Last Monday was our last day of exams for our MSc Brewing course, and naturally we went out drinking. We stopped for a pint at Mather's Bar, a relatively famous pub in Edinburgh. Four of our group grabbed pints of Batemans XB Bitter... and we each independently and immediately thought "this is off". The beer was clearly acetic (acidic character often a sign of an older cask). So we sent them back and got something else. The bar staff was very grumpy about this, as they all claimed it was fine when they tasted it (as well by some bloke at the bar drinking Foster's... clearly a man of fine taste). It was clearly off... I don't mind acidic beers, but if I buy a bitter I expect a bitter not a lambic.
To make matters worse, I tasted somebody else's Theakston Old Peculiar as I heard them say "wow, this beer tastes like apples!"... since I know this beer well I knew that wasn't right. I judged it was full of acetaldehyde (green apple character) which can be a sign of infection too or bad brewing practice. I assumed the former. I didn't tell them to send it back as I think I was in enough trouble with the bar staff and my friend seemed to be enjoying his beer regardless.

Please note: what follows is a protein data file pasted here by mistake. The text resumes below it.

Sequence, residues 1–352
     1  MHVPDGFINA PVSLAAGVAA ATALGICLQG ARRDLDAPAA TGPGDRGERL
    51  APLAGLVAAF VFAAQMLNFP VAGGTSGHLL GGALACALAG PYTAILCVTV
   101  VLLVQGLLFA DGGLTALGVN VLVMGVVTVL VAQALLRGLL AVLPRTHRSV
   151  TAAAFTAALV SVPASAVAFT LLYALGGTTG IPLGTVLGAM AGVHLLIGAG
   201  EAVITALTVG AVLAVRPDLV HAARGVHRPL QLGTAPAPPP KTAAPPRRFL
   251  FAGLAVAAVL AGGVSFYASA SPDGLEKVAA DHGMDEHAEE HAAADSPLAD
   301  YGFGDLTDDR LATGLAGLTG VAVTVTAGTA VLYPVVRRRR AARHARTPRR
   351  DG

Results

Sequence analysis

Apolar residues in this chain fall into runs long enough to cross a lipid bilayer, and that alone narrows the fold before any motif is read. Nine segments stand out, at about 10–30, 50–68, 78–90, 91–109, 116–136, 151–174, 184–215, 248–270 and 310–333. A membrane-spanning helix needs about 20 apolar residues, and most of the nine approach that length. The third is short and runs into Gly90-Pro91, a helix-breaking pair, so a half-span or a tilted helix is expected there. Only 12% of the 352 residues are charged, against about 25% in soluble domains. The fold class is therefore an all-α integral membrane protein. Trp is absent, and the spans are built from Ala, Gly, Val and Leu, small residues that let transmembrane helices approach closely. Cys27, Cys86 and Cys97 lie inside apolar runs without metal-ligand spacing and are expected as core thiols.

To make matters even worse, a couple of months ago we had the former brewing students dinner and the pub crawl stopped there for a few pints. I met an older gentleman who was sending back his pint as he said it was acetic. Turns out he was a retired brewer of 30 years.
My point is that there is a pattern of unkempt beers at Mather's. The only bad pints I've had in Edinburgh were there. Cask ales are alive need attention and proper cellarmanship. Bar staff needs training on off flavours. But perhaps if they're tasting the off beer regularly, and nobody complains, then they'll think everything is fine.
Otherwise, Mather's is a great little traditional pub with great beer selection. Its a shame that I'll unlikely go back there.
1 day ago